There is indeed. The motor starting capacitor. It will be a cylindrical object, perhaps 2" diameter by about 5" long (maybe a bit larger, as what I have seen has been for a 1.5 HP motor.) It will have two terminals at one end, and the odds are that the end with the terminals will have been blown out of the can and will be hanging loose.
    There should be some values marked on the side of the capacitor, something like "150 uF 250 V". Write down whatever it says (or bring the old capacitor with you) to a shop which rebuilds motors. They should have some in stock, and they are quite inexpensive. (Probably less than $5.00 each at a guess.) I would (and did, when mine blew) pick up several spares, just in case it happens again.
    Obviously, unplug the lathe before you go in to work on it.
    It could be some other problem, but this I consider to be the most likely.
    Probably the next most likely thing is that the centrifugal switch, inside one of the bell housings on the motor's ends, is stuck open, or a bit of insulating material has gotten between the contacts. This will have the same effect as the failed capacitor, but is more likely to be fixable without extra parts. Be prepared to file the contacts with an ignition file if they are too badly pitted to make good contact.
    Good Luck,         DoN.
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Don has the idea. The massive Inductive voltage punched through the cap.
The cap might be oval or round. It might be under a can lid.
Don speaks from physical experience - I'm speaking of other motors...
You may have a start and a run cap. Take a grease pencil or crayon or such and mark the values next to the placement - so you don't mix them up.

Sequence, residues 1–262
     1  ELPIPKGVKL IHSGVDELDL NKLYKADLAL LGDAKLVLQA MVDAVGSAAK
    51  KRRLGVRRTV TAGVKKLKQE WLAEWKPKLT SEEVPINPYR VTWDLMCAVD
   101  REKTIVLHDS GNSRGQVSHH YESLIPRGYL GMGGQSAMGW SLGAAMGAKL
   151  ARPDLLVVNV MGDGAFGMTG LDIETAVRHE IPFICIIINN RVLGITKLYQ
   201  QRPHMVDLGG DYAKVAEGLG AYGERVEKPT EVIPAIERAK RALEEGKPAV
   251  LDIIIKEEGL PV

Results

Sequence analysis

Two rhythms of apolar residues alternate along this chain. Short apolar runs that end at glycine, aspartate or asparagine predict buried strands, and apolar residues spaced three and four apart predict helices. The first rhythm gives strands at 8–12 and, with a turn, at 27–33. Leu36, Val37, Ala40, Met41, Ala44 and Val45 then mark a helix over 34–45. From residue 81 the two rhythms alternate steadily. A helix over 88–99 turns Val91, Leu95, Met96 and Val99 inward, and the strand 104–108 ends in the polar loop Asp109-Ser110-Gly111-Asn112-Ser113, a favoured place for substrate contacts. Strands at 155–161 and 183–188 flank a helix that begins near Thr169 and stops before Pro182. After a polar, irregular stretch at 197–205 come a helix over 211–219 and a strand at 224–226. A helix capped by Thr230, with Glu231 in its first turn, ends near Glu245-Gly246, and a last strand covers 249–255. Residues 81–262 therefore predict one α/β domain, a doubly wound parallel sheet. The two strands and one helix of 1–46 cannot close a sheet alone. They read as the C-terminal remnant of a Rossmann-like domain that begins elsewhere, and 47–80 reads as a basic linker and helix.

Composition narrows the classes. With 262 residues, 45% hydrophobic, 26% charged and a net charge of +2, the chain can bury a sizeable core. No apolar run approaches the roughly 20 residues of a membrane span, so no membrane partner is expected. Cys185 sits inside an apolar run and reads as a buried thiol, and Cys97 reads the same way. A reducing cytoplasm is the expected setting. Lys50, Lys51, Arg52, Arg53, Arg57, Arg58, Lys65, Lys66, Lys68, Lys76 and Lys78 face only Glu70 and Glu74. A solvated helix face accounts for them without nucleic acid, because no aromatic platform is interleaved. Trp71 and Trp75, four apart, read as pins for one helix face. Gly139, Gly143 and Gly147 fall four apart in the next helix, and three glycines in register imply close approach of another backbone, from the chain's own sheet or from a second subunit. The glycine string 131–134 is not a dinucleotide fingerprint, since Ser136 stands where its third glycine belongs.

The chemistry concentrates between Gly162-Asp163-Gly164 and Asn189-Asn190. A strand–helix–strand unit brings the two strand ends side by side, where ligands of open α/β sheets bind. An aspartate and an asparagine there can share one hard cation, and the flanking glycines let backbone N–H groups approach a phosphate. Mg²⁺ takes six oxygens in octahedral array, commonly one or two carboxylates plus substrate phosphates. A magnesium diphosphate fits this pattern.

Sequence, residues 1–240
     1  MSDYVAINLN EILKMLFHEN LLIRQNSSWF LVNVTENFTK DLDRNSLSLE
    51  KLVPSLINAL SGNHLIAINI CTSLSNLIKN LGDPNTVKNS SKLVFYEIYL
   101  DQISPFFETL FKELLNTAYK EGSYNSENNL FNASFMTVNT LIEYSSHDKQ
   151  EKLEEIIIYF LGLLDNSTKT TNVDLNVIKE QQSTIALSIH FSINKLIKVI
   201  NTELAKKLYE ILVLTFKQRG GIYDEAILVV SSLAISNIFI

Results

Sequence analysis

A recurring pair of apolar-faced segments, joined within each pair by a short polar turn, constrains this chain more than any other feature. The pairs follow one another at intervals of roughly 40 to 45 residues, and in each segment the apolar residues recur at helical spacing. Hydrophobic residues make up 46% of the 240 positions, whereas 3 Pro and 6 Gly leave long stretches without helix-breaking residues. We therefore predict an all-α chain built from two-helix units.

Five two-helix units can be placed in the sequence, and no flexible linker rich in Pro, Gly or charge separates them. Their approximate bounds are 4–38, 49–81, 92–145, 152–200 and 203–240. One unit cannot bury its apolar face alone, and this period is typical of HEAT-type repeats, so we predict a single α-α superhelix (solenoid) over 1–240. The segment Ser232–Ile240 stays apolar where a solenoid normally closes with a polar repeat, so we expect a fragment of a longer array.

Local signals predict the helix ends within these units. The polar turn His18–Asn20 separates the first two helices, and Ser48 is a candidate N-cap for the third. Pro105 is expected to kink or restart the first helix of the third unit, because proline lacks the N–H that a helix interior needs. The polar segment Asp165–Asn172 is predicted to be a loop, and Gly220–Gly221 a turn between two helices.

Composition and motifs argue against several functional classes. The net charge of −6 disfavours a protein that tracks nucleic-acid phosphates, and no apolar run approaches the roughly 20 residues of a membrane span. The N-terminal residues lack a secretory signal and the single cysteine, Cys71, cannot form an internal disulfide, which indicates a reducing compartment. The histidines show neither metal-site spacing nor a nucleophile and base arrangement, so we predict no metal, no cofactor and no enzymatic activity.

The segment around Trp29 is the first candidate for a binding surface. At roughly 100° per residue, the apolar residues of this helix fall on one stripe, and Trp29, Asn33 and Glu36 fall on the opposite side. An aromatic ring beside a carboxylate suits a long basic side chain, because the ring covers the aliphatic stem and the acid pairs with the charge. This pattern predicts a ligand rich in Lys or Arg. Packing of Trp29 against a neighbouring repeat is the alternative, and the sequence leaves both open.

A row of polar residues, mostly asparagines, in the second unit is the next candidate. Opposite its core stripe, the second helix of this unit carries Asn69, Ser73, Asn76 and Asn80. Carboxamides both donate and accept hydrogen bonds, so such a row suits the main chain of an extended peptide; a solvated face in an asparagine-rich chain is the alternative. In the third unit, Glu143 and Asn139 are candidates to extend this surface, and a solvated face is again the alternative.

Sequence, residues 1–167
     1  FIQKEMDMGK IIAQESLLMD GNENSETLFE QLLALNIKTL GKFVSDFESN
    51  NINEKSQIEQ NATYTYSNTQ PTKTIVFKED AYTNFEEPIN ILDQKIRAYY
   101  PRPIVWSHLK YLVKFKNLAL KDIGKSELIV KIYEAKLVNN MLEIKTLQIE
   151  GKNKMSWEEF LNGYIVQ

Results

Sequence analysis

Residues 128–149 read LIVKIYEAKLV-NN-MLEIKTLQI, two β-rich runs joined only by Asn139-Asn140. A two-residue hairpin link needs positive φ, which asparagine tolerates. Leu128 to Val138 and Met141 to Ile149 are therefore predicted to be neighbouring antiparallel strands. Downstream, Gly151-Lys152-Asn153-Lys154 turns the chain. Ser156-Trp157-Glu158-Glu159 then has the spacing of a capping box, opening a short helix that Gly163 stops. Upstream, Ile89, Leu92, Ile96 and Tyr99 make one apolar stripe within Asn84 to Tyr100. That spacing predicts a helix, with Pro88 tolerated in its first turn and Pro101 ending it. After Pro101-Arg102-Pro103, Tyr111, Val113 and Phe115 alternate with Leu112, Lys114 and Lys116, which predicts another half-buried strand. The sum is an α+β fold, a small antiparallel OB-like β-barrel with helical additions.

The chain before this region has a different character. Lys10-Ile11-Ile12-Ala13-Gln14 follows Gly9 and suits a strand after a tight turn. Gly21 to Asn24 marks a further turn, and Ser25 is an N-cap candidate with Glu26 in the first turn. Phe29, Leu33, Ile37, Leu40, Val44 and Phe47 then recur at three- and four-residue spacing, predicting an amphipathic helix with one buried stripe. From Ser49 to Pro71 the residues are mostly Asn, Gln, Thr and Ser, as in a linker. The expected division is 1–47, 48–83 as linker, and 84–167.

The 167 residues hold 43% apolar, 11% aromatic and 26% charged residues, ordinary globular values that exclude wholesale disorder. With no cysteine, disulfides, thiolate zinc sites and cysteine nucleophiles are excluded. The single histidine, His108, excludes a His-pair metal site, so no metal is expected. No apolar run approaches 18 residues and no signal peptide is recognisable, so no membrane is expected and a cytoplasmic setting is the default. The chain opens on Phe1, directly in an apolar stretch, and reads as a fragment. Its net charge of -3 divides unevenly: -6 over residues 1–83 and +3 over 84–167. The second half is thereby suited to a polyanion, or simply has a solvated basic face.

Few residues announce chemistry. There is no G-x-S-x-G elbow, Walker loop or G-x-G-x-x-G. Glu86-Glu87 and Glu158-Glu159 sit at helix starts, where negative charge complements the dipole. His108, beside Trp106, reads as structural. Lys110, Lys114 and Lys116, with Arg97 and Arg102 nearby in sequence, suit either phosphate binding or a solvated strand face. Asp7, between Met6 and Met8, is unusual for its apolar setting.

Replace both at this time if two are there. a. start and run cap might be zapped b. you might not know which is which and this insures.
I mention this in case a different motor was used.
Martin
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Hello,
Thanks for the reply. Once I posted last I decided to try to get to the motor tomight. Well I can now get to the wiring box and there are 2 capacitors in there. I assume they test the same as small electronic ones so I connected up the multimeter on 300Kohm and connected them to the capacitors. They both showed zero then a higher number then back to zero as I would expect for a capacitor (or I have seen on small capacitors)? There was no smell or black marks on the capacitors and they looked fine. Maybe I will go find replacment ones anyhow to be sure if they aren't expensive.
I did some reading on the net and also found an item where the stator could be blown and toast the motor?
Anyhow I can't get to more than the wiring box tonight as I need rig up a way to move this beast away from the concrete wall. Ran fine for 2 years with no need to get behind it so I moved it (about 2 months ago) right up to the concrete wall *sigh*. Tomorrow I guess I'll try to get to the motor and look for the start switch.